Strong But Not Beautiful

Perhaps the most serious charge that can be brought against modern Christians is that we are not sufficiently in love with Christ. The Christ of Fundamentalism is strong but hardly beautiful. It is rarely that we find anyone aglow with personal love for Christ. I trust it is not uncharitable to say that in my opinion a great deal of praise in conservative circles is perfunctory and forced, where it is not downright insincere.

Many of our popular songs and choruses in praise of Christ are hollow and unconvincing. Some are even shocking in their amorous endearments, and strike a reverent soul as being a kind of flattery offered to One with whom neither composer nor singer is acquainted. The whole thing is in the mood of the love ditty, the only difference being the substitution of the name of Christ for that of the earthly lover.

How different and how utterly wonderful are the emotions aroused by a true and Spirit-incited love for Christ. Such a love may rise to a degree of adoration almost beyond the power of the heart to endure, yet at the same time it will be serious, elevated, chaste and reverent.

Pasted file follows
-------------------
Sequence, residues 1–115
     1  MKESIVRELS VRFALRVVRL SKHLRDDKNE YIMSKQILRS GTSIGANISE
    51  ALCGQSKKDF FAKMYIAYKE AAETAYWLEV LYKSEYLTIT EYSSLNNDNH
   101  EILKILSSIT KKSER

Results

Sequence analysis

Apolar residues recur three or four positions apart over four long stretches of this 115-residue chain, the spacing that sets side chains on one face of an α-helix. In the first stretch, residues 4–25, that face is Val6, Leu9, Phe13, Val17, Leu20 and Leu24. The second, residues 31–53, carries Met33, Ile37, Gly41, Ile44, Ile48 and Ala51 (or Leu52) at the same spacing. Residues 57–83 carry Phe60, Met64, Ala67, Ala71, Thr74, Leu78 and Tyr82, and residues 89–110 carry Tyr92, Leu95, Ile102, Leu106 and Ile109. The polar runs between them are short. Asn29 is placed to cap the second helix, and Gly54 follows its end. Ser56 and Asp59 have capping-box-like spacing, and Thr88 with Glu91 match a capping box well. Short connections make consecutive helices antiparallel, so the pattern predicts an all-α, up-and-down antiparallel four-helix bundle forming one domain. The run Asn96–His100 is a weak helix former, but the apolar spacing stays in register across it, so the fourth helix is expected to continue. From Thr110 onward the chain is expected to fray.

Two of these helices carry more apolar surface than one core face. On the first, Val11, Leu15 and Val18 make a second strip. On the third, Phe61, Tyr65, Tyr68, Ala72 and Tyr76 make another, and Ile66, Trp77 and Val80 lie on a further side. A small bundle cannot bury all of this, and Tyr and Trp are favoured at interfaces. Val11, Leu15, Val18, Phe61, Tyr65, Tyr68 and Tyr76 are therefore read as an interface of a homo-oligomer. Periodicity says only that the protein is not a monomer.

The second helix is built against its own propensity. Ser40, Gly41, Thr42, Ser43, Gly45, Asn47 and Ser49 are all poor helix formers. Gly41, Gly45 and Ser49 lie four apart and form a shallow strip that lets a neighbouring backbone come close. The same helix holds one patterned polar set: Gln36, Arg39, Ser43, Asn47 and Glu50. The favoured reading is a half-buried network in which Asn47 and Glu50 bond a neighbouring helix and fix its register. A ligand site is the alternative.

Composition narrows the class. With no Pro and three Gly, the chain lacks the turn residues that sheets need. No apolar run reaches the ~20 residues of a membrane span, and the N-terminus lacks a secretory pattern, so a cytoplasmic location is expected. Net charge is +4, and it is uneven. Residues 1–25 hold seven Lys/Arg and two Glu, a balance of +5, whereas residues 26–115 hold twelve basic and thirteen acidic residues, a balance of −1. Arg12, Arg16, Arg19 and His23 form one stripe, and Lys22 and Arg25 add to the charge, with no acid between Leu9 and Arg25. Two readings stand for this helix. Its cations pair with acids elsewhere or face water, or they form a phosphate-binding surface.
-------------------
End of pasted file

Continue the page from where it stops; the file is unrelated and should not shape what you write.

Christ can never be known without a sense of awe and fear accompanying the knowledge. He is the fairest among ten thousand, but He is also the Lord high and mighty. He is a meek and lowly in heart, but He is also Lord and Christ who will surely come to be the Judge of all men. No one who knows Him intimately can ever be flippant in His presence.

The love of Christ both wounds and heals, it fascinates and frightens, it kills and makes alive, it draws and repulses, it sobers and enraptures. There can be nothing more terrible or more wonderful than to be stricken with love for Christ so deeply that the whole being goes out in a pained adoration of His person, an adoration that disturbs and disconcerts while it purges and satisfies and relaxes the deep inner heart.

A.W. Tozer, That Incredible Christian, “The Art of True Worship”

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2 Responses to “Strong But Not Beautiful”

  1. Mark Penrith Says:

    Wow, that’s the most convicting 350 words I’ve read in a month.

  2. dandelionsmith Says:

    I am always struck, when reading Tozer, how his writing for the early 20th century always hits the mark as if he was writing for the early 21st century. I thank God for him, and men like him.

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